I run the risk of appearing a groupie by offering a second“The long slow victory of gnostic over catholic christianity” link in a few months to an interview with John Dominic Crossan but it seems so relevant to our celebration of Christ the King. Here he is, comparing the imagery surrounding the Imperial cult with the titles and understanding the earliest followers used for Jesus.
Today, if you talked to most people and said there was a human being in the first century who was called Divine Son of God, God from God, Lord and Redeemer, and Liberator and Savior of the world, 99.9% of people would say it’s Jesus we are talking about. But Caesar Augustus was called all of those titles before Jesus was ever born. Those were his titles.
If you are talking to a Jew at that time, you might say Jesus is the Christ, and the Jew would understand that means the Messiah. But if you were talking to a pagan, Jesus Christ almost sounds like Mr. and Mrs. Christ’s little boy Jesus. But when you say Jesus Christ is Lord, than these pagans are going to understand what you’re saying. Whoever this Jesus Christ is, you’re claiming that person is supposed to be running the universe.When he says Jesus Christ is Lord, that is another way of saying, as Jesus did, that the Kingdom of God has already arrived on earth. One speaks directly to Jews and raises the issue of whether the world should be violent or non-violent. But Jesus Christ is Lord speaks to pagans–and it also raises the question of whether this is a violent or non-violent opposition to Caesar.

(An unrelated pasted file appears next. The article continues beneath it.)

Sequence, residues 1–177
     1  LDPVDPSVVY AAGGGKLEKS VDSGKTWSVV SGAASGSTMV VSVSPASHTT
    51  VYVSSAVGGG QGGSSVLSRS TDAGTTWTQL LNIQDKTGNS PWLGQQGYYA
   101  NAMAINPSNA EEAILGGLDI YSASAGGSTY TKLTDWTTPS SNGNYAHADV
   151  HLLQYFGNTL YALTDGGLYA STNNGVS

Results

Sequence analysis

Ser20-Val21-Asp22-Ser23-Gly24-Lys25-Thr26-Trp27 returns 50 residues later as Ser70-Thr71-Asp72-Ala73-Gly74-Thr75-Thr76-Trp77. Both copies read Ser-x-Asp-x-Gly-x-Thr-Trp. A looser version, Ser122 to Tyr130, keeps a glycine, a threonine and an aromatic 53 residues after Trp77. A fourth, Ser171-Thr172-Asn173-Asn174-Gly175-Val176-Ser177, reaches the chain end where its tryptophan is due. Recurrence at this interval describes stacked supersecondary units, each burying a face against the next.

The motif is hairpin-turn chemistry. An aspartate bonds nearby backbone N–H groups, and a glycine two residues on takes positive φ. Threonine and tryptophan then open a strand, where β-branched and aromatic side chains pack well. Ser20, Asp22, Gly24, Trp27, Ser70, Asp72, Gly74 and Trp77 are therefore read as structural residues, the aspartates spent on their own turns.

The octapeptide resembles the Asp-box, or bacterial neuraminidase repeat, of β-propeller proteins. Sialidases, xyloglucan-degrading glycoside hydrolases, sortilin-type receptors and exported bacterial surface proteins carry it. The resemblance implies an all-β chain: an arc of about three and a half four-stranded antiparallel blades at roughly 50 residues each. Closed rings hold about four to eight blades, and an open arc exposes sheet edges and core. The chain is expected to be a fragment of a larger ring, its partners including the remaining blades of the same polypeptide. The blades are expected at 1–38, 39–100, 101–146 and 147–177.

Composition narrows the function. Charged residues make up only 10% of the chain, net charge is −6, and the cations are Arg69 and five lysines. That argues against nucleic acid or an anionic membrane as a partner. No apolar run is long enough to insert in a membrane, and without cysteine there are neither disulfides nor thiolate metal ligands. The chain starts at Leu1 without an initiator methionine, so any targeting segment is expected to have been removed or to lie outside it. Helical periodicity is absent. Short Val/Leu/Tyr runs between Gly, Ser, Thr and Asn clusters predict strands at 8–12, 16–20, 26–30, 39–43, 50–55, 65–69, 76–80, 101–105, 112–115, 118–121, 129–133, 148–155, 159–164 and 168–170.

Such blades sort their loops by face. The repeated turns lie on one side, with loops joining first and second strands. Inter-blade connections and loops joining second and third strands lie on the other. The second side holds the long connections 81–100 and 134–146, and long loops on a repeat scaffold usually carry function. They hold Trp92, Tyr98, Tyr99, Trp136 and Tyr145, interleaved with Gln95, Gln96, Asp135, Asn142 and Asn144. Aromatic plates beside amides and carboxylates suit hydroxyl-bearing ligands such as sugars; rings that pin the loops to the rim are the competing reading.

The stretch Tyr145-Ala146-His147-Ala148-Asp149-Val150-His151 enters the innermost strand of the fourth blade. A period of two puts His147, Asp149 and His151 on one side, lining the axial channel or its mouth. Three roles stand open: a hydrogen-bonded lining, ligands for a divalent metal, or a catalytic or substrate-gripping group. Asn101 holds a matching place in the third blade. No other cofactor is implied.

What we don’t catch is that the language of Paul is high treason, making a claim for Jesus that is ridiculous. Caesar was running the world, and he controlled the Roman Empire and brought peace to the Mediterranean–all of that at least makes sense because he is divine.
But Jesus? This nobody? Who was crucified on a Roman cross? He is actually the Lord of the universe? It’s either very stupid or you’re talking about a radically different type of world, a different type of God. You’re not doing fine-tuning–lowering the taxes, lessening the oppressive nature of the Roman Empire. Paul is saying that the whole system is not the will of God.
It’s not just long-forgotten empires that come under the Christian critique–it’s every way we apportion power, every way we subordinate peace to the violent pursuit of political ends, even when those ends are good.
If you are a fan of John Dominic Crossan, you might check out Mark’s NT weblog … he’s blogging the SBL Annual Meeting, where Crossan’s in attendance.
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